At last summer's Confederations Cup, Tahiti built a global fanbase as they lived the dream of any almost entirely amateur side playing in a major international tournament. They gave their opponents shell necklaces as gifts before each match they played and they celebrated their only goal like they won the World Cup despite getting blown out of every game.
The 2014 World Cup doesn't have any scrappy amateur sides, but it does have a first time qualifier from a relatively new, war torn nation of just four million people that seems ready to carry on that Tahitian spirit while also making a legitimate challenge for a place in the knockout stages. Bosnia and Herzegovina failed to qualify for each of the last four World Cups after gaining independence from Yugoslavia in 1992, but they have consistently improved over the years. They finished second in their UEFA 2010 World Cup qualifying group and then lost a playoff to Portugal. This time around they finished atop their group, which also included World Cup qualifiers Greece, to earn a trip to Brazil for their first major tournament since competing as a part of Yugoslavia.
Despite their inexperience, this is not a team that's just happy to make the trip and go sight seeing. This is a talented squad that could realistically finish in the top two spots in Group F with Argentina, Nigeria and Iran. They have a mix of veteran and rising talent in Stoke City goalkeeper Asmir Begovic, defender and captain Emir Spahic of Bayer Leverkusen, Sead Kolasinac of Schalke, Roma midfielder Miralen Pjanic, Lazio's Senad Lulic, Stuttgart striker Vedad Ibisevic and top goal scorer Edin Dzeko of Man City, among others. Manager Safet Susic likes to make use of his attacking players and though he can also be pragmatic in his approach, he's not one to park the bus.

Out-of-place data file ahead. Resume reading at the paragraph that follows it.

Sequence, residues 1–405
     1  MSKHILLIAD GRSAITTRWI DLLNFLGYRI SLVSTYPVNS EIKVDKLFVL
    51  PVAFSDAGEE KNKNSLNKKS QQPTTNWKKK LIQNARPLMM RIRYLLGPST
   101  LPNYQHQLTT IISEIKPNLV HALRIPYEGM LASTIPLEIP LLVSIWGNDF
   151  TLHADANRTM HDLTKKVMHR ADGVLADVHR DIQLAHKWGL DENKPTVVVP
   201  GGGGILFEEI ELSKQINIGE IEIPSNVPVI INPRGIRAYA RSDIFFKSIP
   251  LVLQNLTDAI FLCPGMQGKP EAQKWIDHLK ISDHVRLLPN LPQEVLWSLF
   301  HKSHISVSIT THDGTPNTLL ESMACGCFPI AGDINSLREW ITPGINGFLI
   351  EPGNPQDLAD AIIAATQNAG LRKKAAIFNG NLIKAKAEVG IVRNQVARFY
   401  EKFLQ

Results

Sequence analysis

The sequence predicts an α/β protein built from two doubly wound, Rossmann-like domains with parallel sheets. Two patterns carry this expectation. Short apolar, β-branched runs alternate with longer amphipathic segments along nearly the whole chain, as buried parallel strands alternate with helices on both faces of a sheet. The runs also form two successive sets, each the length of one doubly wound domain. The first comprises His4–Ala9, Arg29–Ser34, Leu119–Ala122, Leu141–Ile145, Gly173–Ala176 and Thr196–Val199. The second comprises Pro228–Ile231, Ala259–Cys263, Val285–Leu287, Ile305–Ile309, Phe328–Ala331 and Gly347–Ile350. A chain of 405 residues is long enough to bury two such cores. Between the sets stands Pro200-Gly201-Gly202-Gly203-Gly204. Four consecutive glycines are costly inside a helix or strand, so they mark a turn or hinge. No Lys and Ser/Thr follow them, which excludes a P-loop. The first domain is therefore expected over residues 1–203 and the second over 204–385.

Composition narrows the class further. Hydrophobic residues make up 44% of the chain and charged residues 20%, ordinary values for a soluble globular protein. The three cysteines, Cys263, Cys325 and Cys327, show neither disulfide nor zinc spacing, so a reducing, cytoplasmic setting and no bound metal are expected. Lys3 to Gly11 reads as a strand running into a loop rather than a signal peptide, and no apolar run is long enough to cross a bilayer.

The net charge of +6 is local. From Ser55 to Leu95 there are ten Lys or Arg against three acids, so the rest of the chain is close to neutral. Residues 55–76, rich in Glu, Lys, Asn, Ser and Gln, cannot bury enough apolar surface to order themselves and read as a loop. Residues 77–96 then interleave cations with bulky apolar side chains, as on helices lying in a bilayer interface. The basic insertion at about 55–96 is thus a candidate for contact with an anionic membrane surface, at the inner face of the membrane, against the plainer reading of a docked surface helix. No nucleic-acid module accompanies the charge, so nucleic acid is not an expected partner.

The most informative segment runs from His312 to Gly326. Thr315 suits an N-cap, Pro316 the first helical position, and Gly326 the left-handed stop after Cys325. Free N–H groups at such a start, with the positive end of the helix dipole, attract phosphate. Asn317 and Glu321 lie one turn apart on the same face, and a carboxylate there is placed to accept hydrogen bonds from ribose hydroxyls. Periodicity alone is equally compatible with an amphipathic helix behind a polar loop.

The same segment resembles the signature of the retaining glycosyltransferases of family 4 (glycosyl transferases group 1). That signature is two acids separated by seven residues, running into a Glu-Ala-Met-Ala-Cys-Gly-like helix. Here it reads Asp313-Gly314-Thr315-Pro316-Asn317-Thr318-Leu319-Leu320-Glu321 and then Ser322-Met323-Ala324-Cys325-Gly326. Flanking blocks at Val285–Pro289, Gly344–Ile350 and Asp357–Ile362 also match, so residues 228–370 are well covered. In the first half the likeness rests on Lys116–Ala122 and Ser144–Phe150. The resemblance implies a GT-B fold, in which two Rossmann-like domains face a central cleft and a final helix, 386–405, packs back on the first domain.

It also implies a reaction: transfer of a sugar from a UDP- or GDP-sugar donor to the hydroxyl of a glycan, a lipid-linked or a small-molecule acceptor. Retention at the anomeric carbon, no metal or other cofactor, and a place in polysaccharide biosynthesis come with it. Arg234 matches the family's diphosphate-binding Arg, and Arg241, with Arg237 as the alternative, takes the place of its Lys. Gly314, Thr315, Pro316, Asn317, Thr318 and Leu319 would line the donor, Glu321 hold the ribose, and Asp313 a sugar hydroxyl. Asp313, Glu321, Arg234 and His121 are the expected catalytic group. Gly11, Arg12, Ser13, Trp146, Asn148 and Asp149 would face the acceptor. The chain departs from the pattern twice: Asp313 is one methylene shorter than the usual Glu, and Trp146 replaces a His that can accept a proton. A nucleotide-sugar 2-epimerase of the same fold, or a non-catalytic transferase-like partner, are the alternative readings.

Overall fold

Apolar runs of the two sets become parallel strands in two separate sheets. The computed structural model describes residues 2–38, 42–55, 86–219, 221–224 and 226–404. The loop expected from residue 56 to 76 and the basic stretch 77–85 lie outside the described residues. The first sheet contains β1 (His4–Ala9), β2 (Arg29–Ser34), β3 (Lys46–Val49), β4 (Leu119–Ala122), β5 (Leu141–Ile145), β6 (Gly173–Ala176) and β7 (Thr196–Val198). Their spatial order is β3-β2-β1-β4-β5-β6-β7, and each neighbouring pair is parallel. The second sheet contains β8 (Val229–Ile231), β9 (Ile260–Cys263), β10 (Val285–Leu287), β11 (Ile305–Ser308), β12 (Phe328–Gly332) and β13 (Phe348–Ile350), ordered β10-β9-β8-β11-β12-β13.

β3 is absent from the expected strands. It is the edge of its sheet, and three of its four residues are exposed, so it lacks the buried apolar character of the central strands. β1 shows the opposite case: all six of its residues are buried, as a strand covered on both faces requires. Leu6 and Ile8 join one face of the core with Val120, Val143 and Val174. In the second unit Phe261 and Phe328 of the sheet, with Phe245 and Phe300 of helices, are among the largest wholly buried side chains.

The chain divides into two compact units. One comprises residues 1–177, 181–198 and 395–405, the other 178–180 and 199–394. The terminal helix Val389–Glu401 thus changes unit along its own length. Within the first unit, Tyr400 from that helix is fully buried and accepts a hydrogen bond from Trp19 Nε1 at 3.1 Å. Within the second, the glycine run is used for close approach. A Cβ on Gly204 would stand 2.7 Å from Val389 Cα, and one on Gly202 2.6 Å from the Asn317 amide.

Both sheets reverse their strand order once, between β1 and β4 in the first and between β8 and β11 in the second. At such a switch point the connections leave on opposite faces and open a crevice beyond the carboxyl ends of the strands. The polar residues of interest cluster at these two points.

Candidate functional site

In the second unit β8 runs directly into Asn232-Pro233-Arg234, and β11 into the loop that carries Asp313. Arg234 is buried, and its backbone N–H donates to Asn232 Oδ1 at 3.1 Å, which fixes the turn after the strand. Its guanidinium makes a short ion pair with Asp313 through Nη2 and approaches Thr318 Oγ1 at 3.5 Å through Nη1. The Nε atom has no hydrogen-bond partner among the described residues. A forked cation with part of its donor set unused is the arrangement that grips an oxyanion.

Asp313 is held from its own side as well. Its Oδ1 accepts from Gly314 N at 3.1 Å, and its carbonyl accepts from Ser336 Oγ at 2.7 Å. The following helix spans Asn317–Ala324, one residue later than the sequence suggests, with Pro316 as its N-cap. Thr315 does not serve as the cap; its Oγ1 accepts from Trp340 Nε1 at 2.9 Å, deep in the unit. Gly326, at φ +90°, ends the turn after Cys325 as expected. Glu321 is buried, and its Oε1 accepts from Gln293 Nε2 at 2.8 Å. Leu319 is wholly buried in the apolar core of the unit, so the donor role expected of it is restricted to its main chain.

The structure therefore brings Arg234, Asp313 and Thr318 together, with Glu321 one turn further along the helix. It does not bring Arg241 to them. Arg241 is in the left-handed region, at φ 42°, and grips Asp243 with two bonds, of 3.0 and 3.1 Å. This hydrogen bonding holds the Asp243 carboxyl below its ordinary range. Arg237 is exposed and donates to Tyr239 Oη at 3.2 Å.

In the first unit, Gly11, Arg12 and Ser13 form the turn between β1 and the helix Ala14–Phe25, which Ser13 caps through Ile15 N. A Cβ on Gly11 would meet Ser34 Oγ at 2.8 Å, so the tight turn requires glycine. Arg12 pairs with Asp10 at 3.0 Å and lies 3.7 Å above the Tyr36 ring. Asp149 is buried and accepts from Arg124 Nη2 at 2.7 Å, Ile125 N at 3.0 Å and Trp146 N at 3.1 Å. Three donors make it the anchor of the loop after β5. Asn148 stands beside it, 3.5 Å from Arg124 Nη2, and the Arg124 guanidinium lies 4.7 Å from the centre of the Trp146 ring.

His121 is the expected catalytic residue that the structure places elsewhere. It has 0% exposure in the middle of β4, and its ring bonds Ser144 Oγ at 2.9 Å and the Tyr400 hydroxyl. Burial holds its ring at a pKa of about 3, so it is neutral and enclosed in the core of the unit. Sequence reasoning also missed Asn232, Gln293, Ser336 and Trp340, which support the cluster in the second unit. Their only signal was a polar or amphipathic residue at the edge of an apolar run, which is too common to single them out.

Though they've only been in a Brazil a couple of days, they've already endeared themselves to the locals. Football Federation of Bosnia and Herzegovina president Elvedin Begic delivered gifts of scarves and shirts to the police stationed outside their hotel.
And while going for a morning run on the beach in Sao Paulo, they attracted a new mascot that has delighted Brazilian media — a stray dog who ran alongside them that has been brilliantly named "BosDog."(BosDog will have his own series of Disney films before the summer is over.)
So, in short, Bosnia and Herzegovina are like Tahiti, but better. And with BosDog now on board, they might be unstoppable.
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